Below is the code snippet to declare models in flask. This is similar to how we create classes in Python. In this we are declaring a Post Model which has three attributes id(primary_key), title for the post, and post description(post_text).

class Post(db.Model):
id = db.Column(db.Integer(), primary_key=True)
title = db.Column(db.String(80), unique=True)
post_text = db.Column(db.String(255))

def __init__(self, title, post_text):
self.title = title
self.post_text = post_text

Add your Model to your source code.


Next migrations must be done to the database in order to keep up with the existing modifications and the changing needs of the application. The second extension that must be used is Flask-Migrate. This extension is a Flask wrapper for Alembic, a database migration framework for SQLAlchemy.

Install flask migrations and flask script( — has the manager class to activate manager commands) package using PIP.

$ pip install flask-migrate
$ pip install flask_script

To setup migrations in our app, we need to define Migrate class within the app as our base instance. Add the below lines in your source file to configure migrations.

First import flask migrations and Manager class to your source code.

from flask_script import Manager
from flask_migrate import Migrate, MigrateCommand

Next, configure app settings with migrations.

migrate = Migrate(app, db)
manager = Manager(app)
manager.add_command('db', MigrateCommand)

To elaborate upon this, we set our config to get our scene — based on the environment variable — created a migrate instance, with app and db as the arguments, and set up a manager command to initialise a Manager instance for our app. Lastly, we added the db command to the manager so that we can run the migrations from the command line.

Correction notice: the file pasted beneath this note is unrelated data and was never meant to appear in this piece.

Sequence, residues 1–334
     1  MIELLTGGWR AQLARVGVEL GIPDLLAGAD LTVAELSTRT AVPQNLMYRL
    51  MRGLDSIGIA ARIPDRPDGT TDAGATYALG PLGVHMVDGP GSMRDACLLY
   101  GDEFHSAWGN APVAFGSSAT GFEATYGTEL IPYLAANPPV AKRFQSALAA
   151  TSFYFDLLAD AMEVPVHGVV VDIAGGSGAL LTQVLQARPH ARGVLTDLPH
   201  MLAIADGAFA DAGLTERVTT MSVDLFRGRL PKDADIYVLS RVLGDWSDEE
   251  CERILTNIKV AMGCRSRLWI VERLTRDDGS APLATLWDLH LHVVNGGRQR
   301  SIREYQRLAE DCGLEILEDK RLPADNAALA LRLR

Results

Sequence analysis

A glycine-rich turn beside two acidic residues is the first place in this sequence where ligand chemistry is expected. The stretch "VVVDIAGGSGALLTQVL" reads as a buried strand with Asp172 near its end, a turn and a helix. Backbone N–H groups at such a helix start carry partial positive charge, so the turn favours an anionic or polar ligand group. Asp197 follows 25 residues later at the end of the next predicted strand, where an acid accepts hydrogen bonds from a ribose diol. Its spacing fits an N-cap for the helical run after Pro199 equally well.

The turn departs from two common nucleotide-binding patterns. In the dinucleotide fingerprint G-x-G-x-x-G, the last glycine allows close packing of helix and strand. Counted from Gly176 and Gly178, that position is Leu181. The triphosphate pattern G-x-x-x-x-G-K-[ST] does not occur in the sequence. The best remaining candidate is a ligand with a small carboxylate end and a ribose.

Now, since our manager app has the whole app and db instances we need to run the replaced app variable which is manager variable in the main function.

if __name__ == '__main__':

The configured source code( now will look like this:

In order to run the migrations to initialize Alembic, use the following command.

$ python db init
Creating directory /Users/Vihar/Desktop/flask-databases/migrations ... done
Generating /Users/Vihar/Desktop/flask-databases/migrations/alembic.ini ... done

Once you run the command, the above information is provided by the manager saying, migrations are successfully created. After you run the database initialisation, you will see a new folder called “migrations” in the project.

Let’s do our first migration by running the migrate command. Use the following command to update and create tables in your database.

$ python db migrate
INFO [alembic.runtime.migration] Context impl PostgresqlImpl.
INFO [alembic.runtime.migration] Will assume transactional DDL.
INFO [] Detected added table 'post'
Generating /Users/Vihar/Desktop/flask-databases/migrations/versions/ ... done

With this command your tables will now be created if there aren't and modified in there are any.

Now we’ll apply the upgrades to the database using the db upgrade command:

$ python db upgrade

Here, you can see that two row are added in appdb from Postgres shell.

Flask-Postgres Minimal Blog.